13.5 About Programming for DTrace

When you use the dtrace command, you invoke the compiler for the D language. Once DTrace has compiled your program, it sends it to the operating system kernel for execution, where it activates the probes that your program uses.

DTrace enables probes only when you are using them. No instrumented code is present for inactive probes, so your system does not experience performance degradation when you are not using DTrace. Once your D program exits, all of the probes it used are automatically disabled and their instrumentation is removed, returning your system to its original state. No effective difference exists between a system where DTrace is not active and one where the DTrace software is not installed.

DTrace implements the instrumentation for each probe dynamically on the live, running operating system. DTrace neither quiesces nor pauses the system in any way, and it adds instrumentation code only for the probes that you enable. As a result, the effect of using DTrace probes is limited to exactly what you ask DTrace to do. DTrace instrumentation is designed to be as efficient as possible, and enables you to use it in production to solve real problems in real time.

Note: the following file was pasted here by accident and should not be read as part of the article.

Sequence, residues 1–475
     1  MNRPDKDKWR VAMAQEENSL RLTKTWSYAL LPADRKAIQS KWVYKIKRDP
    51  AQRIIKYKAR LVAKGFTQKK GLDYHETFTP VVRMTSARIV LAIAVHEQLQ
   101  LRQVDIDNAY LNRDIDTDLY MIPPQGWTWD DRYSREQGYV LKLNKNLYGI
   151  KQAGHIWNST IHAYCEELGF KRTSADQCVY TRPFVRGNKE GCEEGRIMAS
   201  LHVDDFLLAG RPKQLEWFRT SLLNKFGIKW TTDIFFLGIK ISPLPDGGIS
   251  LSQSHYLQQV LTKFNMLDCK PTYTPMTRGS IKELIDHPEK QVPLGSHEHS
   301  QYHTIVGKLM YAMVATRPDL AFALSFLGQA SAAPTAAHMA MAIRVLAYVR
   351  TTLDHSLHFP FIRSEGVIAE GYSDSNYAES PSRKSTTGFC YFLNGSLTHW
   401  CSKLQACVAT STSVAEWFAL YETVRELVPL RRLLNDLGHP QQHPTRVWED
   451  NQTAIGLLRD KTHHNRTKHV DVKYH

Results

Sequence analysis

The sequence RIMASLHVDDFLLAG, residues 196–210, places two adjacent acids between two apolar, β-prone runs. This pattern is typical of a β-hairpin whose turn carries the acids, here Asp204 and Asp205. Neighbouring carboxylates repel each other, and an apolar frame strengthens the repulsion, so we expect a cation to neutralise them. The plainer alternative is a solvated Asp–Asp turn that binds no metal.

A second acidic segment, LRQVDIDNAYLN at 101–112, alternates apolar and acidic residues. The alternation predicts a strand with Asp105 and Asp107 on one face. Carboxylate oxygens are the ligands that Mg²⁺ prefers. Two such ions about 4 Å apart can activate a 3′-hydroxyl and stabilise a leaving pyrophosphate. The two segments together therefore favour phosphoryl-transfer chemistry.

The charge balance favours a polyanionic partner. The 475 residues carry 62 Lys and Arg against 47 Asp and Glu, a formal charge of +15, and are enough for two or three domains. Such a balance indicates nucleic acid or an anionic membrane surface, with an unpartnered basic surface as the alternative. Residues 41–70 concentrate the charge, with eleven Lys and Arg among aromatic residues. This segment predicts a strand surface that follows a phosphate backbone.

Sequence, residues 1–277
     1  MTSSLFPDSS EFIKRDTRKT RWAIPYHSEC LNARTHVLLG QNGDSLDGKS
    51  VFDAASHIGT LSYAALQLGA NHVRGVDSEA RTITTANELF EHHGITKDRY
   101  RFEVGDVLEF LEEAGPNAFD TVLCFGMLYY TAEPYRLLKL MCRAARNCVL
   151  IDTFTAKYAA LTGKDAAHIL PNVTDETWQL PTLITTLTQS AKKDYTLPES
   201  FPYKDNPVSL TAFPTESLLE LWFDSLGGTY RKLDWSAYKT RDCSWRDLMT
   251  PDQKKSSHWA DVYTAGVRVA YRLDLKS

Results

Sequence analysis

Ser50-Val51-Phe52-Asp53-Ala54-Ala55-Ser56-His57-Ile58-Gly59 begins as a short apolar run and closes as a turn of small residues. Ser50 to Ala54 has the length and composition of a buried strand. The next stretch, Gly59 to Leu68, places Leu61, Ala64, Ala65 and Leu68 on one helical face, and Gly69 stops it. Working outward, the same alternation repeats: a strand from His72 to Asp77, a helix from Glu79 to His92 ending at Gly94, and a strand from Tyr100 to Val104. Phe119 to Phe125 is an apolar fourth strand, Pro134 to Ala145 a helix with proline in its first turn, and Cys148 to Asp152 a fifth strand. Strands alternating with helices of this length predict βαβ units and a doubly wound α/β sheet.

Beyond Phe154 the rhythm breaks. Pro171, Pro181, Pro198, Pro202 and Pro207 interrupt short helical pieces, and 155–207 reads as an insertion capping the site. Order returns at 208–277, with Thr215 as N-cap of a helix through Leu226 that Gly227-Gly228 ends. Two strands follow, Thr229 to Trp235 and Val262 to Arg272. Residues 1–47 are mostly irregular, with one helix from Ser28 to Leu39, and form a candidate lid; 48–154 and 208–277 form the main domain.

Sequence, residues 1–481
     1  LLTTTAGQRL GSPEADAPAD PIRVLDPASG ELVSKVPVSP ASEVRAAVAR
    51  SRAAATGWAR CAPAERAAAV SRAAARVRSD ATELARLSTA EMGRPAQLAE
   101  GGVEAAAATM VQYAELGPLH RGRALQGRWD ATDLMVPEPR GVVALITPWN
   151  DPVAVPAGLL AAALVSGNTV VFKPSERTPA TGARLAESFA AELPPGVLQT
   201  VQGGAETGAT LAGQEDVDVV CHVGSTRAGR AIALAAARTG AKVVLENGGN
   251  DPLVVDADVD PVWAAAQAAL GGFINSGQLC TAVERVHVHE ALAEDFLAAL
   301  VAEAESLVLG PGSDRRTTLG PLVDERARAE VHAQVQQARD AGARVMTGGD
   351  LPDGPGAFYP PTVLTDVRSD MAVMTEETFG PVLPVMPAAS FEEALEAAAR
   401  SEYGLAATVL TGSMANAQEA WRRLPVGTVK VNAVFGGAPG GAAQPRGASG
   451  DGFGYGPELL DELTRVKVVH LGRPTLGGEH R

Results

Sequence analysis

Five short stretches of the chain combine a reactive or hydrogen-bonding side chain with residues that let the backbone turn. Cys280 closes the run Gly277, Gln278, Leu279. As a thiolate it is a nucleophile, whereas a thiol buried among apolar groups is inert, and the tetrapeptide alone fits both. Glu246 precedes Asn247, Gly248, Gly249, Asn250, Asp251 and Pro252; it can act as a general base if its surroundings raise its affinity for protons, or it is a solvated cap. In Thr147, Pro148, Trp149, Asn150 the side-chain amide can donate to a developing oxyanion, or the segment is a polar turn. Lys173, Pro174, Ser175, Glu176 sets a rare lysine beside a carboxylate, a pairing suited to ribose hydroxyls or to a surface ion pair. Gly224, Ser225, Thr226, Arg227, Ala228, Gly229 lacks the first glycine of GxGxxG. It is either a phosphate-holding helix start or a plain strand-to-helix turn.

The DTrace framework provides support for an arbitrary number of virtual clients. You can run as many simultaneous D programs as you like, limited only by your system's memory capacity, and all the programs operate independently using the same underlying instrumentation. This same capability also permits any number of distinct users on the system to take advantage of DTrace simultaneously on the same system without interfering with one another.

Unlike a C or C++ program, but similar to a Java program, DTrace compiles your D program into a safe intermediate form that it executes when a probe fires. DTrace validates whether this intermediate form can run safely, reporting any run-time errors that might occur during the execution of your D program, such as dividing by zero or dereferencing invalid memory. As a result, you cannot construct an unsafe D program. You can use DTrace in a production environment without worrying about crashing or corrupting your system. If you make a programming mistake, DTrace disables the instrumentation and reports the error to you.

Figure 13.1 illustrates the different components of the DTrace architecture, including probe providers, the DTrace driver, the DTrace library, and the dtrace command.

Figure 13.1 Components of the DTrace Architecture

The diagram illustrates the different components of the DTrace architecture, including probe providers that are loaded into kernel space and which communicate with the DTrace driver, the DTrace library in user space, and the dtrace command, which makes calls into the DTrace library.